Skip to content

Gardening Jobs

Mow lawns when necessary - whenever the grass is growing - the aim is to maintain a constant height throughout the year. Use a mowing height of appox. 40mm (1.5 inches).  Don't cut grass too short or you will weaken it. Leave the clippings on the lawn will help retain moisture and as they breakdown release nitrogen.

Start collecting seed from plants you want to grow next year, especially annuals.

Cut flowers for indoors, using sharp scissors or secateurs and place into water straight away to prevent wilting.

Ensure newly planted trees and shrubs do not dry out. They often need much more water than people imagine.

Check whether containers need watering. Aim to keep pots moist, not wet, and don't let them dry out. Pots and tubs benefit from topping up with fresh compost. Old compost can be removed and replaced with new if there is not much room for topping up. Repot any that have become pot bound.

Clip evergreen hedges and prune spring-flowering shrubs after flowering. Don't clip/prune anything that has birds nesting in it. Prune out frost damage from affected evergreen shrubs. Remove any reverted green shoots on hardy variegated evergreens, to prevent reversion taking over.

Cut back side shoots on gooseberries to four or five leaves, or just beyond the fruit clusters. This will speed ripening (by increasing sun on the fruits), encourage fruit bud formation for next year, and control aphids on the new growth. Red and white currants may be pruned in the same way.

When summer-fruiting raspberries have finished cropping promptly cut out the old canes.

Plant out leeks and brassicas for a winter supply and sow spring cabbage, turnips, Oriental vegetables, chicory, fennel, and autumn/winter salads such as lamb's lettuce.

Although it is fairly late in the season, small and quick-maturing vegetables can still be sown, and will give fast, edible results. Try radishes and baby carrots, lettuce or beetroot.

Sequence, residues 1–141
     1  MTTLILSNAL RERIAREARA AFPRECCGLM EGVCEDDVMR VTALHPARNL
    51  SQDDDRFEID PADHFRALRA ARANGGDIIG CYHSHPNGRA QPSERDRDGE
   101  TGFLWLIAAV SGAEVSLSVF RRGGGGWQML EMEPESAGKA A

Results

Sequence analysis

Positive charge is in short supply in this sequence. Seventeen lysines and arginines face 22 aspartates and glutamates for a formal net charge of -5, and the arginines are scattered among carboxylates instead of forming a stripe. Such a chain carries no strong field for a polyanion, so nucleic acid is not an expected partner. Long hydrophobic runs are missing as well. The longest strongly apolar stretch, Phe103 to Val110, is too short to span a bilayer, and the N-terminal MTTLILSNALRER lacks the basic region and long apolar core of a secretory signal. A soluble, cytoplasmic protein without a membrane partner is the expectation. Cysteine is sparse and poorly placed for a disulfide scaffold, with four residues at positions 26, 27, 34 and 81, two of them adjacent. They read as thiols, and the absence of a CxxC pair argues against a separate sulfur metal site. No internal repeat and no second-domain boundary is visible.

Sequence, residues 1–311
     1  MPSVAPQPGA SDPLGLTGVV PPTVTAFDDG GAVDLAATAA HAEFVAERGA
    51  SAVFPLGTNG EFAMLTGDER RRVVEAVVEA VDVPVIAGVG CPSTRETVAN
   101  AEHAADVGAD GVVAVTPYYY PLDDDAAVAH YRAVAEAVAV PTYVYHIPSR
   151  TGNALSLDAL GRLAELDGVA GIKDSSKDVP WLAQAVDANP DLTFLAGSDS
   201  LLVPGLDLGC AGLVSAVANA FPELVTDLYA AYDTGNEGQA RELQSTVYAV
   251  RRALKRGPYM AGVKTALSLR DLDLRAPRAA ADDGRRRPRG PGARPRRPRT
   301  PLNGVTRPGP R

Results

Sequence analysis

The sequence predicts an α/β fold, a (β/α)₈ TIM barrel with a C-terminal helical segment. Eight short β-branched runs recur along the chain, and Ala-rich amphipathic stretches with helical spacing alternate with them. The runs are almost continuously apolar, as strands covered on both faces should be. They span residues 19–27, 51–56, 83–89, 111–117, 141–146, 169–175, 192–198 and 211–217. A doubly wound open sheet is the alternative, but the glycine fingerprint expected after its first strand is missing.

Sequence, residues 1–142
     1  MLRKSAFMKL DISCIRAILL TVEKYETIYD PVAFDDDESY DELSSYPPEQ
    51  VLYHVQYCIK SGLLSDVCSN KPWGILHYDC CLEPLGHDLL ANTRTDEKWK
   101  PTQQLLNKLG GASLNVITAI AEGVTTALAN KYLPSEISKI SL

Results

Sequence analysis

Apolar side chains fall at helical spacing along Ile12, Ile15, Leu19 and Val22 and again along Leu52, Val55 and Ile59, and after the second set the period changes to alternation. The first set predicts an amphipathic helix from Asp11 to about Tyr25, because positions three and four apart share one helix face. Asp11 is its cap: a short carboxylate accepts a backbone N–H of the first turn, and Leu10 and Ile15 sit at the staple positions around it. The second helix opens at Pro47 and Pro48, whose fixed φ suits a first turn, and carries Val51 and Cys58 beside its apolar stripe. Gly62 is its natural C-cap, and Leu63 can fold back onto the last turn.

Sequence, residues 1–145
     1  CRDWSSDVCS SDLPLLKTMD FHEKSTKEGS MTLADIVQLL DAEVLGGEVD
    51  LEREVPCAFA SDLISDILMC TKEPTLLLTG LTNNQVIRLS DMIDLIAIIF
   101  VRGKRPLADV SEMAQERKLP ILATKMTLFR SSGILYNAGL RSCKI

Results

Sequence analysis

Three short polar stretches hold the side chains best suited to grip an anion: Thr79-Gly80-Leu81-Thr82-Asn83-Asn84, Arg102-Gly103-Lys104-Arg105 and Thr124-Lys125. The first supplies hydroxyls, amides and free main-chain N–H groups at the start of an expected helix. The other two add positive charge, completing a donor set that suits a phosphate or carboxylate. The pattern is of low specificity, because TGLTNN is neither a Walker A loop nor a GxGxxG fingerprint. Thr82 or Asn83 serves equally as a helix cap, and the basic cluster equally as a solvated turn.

Remember to pick your bean and pea pods as they mature, to stop them becoming tough and stringy later in the summer.

Don't forget to stop cordon tomatoes by removing the main shoot. Look for the leaf that's above the fourth truss (set of developing fruit) and cut it off here. This should ensure that all the fruits ripen by the end of the season. Bush tomatoes can be left to their own devices.

Ensure all vegetables get a regular, consistent supply of water, using rainwater or recycled grey water wherever possible.

Many indoor plants benefit from being placed outside on the patio for the summer

Open doors and vent on greenhouses to increase ventilation on warm, sunny days and damp down the floor of the greenhouse regularly on hot days, to increase humidity levels.

You don't need to top up ponds, it is perfectly normal for water levels to drop in the summer! If you can't cope with lower water levels use collected rain water rather than tap water which is too rich in nitrates.

Avoid peanuts and large chunks when putting out bird food, as there is a risk that large pieces could be fed by adults to their fledglings, and they could choke.

A birdbath can be a vital source of drinking water for birds. Ensure that yours is kept topped up.

Bug life should be encouraged. It is often when one pest in the food chain is killed with chemicals that others are suddenly free to multiply unchecked, so creating further problems for the gardener.

Spring-flowering meadows can be cut and mowed this month, after the bulb foliage has died down naturally. Scything and removal of clippings is all that is necessary, but closer mowing allows the area to be used as lawn for the rest of the summer.